As winter approaches and an energy crisis rages, Europeans are stockpiling wood and cleaning their chimneys

Peter Engelke, who owns a warehouse close to Tempelhof Airport in Berlin, is installing a new security gate there because he is worried about desperate people stealing his products. The priceless resource in jeopardy is firewood. Engelke’s actions are a reflection of the growing worry felt by Europeans as they prepare for this winter’s energy shortages and potential blackouts. The latest indication of the region’s crucial position as Russia reduces supply in the standoff over the war in Ukraine is the alleged destruction of the Nord Stream gas pipeline.

European Union leaders met in Prague on Friday but were unable to reach consensus on a gas price ceiling due to worries that such a measure may jeopardize regional supplies. Since natural gas and electricity account for up to 70% of heating in Europe and Russian deliveries have been significantly restricted, wood, which is already used by over 40 million people for warmth, has grown in demand. In France, the cost of wood pellets has nearly doubled to 600 euros per ton, and there are indications that people are buying it in a panic. Hungary even went so far as to forbid pellet exports, and Romania put a six-month price cap on firewood. Deliveries of wood stoves might now take months.

Along with worries about shortages, a rise in living costs is being exacerbated by the energy crisis, with euro-zone inflation reaching double digits for the first time ever in September. A growing number of struggling households in the area are forced to choose between heating and other necessities. The managing director of the British wholesale firewood supplier Certainly Wood, Nic Snell, remarked, “It’s back to the old days when people wouldn’t have the whole house heated.” They would use the heat from the stove or open fire while seated around the fire before retiring to bed. This winter, there will be a lot more of that. Gabriel Kakelugnar AB, a producer of high-end tiled stoves that typically cost 86,000 Swedish kronor ($7,700), has seen a surge in demand as a result of the trend. Due to their complex design, which uses numerous channels to store and transport heat, stoves can keep a room warm for 24 hours.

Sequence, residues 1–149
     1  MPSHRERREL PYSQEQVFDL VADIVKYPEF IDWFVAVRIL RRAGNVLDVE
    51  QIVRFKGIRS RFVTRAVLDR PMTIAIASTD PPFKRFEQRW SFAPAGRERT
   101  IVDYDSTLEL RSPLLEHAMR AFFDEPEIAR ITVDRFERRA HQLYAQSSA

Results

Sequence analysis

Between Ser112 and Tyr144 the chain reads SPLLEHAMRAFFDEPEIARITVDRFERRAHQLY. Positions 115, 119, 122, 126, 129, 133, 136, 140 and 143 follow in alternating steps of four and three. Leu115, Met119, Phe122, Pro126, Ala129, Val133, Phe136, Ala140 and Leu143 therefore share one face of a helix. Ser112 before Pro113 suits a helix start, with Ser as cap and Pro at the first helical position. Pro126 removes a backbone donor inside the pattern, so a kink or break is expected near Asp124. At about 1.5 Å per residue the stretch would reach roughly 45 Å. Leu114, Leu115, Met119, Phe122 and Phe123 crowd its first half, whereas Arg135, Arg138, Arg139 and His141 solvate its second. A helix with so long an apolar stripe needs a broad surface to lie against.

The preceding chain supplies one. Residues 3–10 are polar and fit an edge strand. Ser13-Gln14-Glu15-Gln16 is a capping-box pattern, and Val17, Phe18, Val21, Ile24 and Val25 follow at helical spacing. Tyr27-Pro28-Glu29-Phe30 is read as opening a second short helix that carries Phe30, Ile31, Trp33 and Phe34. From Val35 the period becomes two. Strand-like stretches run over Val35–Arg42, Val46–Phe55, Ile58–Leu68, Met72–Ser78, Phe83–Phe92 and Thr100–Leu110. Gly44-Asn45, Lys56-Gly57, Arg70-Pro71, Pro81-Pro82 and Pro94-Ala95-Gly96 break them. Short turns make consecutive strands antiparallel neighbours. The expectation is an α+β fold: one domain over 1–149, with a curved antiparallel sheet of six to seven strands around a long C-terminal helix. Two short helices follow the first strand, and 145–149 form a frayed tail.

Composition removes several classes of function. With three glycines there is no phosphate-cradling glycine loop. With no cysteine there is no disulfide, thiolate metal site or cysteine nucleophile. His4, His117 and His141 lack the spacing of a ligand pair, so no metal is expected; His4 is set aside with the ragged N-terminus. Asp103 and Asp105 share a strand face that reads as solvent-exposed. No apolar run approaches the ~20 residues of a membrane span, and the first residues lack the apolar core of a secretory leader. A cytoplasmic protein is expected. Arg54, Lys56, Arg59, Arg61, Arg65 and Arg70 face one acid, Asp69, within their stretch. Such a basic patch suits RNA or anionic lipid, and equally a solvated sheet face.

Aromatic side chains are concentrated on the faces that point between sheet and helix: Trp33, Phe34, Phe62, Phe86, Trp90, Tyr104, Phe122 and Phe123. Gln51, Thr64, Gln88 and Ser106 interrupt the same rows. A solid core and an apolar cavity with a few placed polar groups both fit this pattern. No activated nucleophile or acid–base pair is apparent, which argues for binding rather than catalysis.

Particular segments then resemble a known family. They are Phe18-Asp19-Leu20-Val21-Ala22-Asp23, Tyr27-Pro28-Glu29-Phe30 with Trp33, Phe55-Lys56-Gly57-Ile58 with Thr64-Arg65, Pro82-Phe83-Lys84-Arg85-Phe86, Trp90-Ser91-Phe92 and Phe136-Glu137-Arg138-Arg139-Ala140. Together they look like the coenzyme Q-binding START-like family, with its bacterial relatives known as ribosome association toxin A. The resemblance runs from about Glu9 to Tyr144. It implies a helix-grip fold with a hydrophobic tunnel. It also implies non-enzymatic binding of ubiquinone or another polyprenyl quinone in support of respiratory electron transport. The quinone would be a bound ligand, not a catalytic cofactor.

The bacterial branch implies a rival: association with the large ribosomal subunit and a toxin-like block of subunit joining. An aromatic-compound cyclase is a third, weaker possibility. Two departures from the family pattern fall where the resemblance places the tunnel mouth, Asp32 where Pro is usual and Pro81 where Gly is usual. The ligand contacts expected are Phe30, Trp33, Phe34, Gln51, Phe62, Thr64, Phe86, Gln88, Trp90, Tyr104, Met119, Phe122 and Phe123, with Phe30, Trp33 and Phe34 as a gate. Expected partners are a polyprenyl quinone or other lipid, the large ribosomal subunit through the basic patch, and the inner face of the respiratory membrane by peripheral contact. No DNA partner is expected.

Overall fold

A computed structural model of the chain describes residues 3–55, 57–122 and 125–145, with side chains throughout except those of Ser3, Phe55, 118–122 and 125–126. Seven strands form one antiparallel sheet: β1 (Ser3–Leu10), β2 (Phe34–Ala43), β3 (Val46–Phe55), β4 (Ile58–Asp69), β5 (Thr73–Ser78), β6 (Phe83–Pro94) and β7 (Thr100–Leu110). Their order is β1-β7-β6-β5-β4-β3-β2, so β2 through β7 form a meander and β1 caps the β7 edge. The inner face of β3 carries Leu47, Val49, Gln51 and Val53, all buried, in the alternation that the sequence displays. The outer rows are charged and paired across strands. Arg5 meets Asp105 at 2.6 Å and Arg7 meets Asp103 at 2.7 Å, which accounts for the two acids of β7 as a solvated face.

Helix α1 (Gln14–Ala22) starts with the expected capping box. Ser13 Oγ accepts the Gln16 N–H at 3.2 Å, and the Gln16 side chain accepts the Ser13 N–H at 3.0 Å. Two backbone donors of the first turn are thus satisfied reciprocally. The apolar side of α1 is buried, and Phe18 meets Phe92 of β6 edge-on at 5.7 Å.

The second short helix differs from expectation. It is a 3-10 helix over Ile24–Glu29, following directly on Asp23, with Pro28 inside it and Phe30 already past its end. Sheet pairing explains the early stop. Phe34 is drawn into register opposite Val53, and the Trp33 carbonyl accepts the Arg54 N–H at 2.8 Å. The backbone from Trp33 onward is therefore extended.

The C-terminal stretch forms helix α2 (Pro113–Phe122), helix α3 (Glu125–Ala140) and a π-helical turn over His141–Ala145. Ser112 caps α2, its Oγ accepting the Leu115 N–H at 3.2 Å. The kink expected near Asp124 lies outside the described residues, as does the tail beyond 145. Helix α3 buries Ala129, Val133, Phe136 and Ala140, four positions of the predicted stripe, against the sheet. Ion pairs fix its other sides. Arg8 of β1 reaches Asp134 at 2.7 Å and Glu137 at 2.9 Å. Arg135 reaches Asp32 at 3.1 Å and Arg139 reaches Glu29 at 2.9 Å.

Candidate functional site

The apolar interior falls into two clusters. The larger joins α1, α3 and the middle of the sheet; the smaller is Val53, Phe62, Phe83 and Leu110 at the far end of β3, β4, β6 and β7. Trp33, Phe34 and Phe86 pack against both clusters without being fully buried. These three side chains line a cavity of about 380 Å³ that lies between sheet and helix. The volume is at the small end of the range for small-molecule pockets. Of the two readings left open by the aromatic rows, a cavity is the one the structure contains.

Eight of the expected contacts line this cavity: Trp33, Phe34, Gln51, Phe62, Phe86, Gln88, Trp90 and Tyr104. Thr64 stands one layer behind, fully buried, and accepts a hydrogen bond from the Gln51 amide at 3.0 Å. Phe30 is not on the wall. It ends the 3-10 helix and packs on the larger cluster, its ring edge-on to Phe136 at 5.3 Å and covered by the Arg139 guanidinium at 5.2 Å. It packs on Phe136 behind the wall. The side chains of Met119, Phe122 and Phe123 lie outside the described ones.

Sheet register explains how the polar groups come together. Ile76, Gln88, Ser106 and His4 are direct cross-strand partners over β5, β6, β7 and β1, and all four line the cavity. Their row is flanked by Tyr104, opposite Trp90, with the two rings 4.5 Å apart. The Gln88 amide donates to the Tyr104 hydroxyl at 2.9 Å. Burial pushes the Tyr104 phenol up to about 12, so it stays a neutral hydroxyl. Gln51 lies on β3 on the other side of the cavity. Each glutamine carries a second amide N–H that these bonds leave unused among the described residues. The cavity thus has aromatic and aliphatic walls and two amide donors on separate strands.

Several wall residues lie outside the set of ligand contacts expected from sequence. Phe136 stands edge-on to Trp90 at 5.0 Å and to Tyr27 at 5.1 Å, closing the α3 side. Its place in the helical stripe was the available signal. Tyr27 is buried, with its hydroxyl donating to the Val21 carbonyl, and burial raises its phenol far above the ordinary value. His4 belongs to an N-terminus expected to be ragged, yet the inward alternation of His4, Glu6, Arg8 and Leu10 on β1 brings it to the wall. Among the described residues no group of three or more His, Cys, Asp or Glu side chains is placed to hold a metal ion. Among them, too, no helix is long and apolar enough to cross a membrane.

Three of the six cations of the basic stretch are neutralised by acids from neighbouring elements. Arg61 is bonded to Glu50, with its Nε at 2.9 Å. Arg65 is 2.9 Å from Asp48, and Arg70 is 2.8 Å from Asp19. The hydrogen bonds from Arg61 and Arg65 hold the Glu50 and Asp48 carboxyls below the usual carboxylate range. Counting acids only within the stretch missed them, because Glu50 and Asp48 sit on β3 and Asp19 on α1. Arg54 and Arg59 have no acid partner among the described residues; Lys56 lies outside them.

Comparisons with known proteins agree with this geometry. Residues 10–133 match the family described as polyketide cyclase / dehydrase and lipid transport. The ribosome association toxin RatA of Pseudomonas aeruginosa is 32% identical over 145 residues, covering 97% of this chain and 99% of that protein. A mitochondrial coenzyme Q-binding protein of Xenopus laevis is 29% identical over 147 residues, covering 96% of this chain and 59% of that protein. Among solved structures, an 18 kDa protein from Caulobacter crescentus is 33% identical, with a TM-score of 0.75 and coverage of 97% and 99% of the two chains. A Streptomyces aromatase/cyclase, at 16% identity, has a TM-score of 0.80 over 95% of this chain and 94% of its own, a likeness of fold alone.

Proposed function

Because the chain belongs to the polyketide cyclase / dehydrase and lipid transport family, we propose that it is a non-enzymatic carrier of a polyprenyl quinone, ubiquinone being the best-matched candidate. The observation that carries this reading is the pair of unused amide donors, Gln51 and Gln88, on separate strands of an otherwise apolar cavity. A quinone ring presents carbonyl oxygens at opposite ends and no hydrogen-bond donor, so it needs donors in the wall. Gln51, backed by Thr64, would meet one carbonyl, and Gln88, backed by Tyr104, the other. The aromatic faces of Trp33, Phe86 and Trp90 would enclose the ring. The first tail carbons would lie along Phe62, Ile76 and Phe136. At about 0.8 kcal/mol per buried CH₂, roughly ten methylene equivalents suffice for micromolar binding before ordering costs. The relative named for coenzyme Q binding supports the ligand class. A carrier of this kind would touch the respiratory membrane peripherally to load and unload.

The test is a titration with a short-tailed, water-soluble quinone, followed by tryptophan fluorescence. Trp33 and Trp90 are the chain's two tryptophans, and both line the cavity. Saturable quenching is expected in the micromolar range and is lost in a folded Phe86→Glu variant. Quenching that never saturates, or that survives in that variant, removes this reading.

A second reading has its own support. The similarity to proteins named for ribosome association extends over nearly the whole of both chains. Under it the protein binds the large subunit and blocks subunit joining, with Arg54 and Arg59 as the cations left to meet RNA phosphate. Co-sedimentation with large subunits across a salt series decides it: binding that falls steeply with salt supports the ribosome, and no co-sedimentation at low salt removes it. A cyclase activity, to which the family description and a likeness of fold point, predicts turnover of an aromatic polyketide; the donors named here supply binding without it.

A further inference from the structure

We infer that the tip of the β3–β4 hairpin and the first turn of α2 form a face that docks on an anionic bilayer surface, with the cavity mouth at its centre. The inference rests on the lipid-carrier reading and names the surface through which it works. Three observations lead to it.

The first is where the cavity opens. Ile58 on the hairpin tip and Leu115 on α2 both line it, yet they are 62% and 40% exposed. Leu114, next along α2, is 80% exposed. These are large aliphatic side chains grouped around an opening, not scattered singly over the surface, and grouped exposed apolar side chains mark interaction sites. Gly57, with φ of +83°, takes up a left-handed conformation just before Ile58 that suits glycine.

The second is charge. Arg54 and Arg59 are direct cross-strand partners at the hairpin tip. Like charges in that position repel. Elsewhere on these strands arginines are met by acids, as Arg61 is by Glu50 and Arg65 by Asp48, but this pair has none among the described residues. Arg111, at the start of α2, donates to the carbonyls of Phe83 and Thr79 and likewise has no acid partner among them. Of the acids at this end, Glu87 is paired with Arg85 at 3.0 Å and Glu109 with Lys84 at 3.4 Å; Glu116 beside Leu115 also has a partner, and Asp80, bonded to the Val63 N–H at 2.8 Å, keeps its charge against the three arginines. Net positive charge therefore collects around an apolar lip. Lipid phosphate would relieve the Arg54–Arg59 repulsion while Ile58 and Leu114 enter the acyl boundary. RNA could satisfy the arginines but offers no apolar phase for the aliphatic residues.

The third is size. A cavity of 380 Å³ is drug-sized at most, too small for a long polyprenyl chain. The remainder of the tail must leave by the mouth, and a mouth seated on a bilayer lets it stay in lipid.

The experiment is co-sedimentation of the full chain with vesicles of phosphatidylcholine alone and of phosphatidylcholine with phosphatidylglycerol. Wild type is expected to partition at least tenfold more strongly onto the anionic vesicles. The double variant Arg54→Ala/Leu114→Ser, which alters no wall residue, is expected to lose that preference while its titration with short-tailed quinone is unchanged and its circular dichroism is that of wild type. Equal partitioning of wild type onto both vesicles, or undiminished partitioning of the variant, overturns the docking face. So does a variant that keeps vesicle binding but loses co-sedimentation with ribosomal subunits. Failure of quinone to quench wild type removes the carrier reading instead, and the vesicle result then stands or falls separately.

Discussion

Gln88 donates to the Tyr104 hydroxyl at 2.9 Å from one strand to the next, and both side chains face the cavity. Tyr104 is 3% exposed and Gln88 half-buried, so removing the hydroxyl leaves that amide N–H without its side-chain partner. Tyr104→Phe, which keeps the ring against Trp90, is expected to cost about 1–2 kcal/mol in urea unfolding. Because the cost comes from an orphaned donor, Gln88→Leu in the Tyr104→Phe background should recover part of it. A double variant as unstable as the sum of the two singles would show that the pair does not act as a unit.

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“People began to invest more in their homes throughout the pandemic. The owner and managing director of the business, which is located less than an hour away from Sweden’s largest nuclear plant, Jesper Svensson, noted that things have now, of course, intensified. Customers now have to wait until March for delivery, up from as little as four weeks a year ago due to a more than fourfold increase in orders. Making every effort to stay warm in the upcoming months is the main concern for many Europeans. As winter draws closer, the concern has grown more urgent because the desperate need for heat may have negative effects on human health and the environment.

Roger Sedin, chief of the air quality unit at the Swedish Environmental Protection Agency, issued a warning about inadequate ventilation and attempting to burn damp firewood, saying, “We are concerned that people will just burn all they can get their hands on.” When people burn wood improperly, pollutant levels can reach extremely high levels, according to the author. According to him, particulate matter can lodge deep within the lungs and result in heart attacks, strokes, and asthma, and he said that the danger is especially high in cities. Sedin advised, “You need to consider your neighbors.”

Germany’s association of chimney sweeps is dealing with a deluge of requests to connect both new and ancient burners, and consumers are enquiring about burning horse manure and other strange fuels, demonstrating the lack of knowledge there as well. Hording indications are also present. According to Frederic Coirier, CEO of Poujoulat SA in France, which manufactures wood fuels and chimney flues, some customers have purchased two tons of wood pellets when less than one ton is typically sufficient to heat a home for a year. According to Trond Fjortoft, the founder and CEO of the Norwegian wood supplier Kortreist Ved, “people are thirsty for wood and they are buying more than normal.” “Typically, when the weather turns chilly, someone will suggest that we order some wood. This year, it began in June, at the time that Russia reduced its gas exports.

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The crisis in Berlin brings up frightening memories of the gloom that followed World War II. Residents cut down almost all of the trees in the central Tiergarten park for warmth because fuel was in short supply. Though they no longer go to such extremes, Berliners are generally concerned about staying warm. In order to protect the logs, coal briquettes, and heating oil, Engelke had to stop accepting new clients and install an additional security gate. We are quite concerned as winter approaches, he added.

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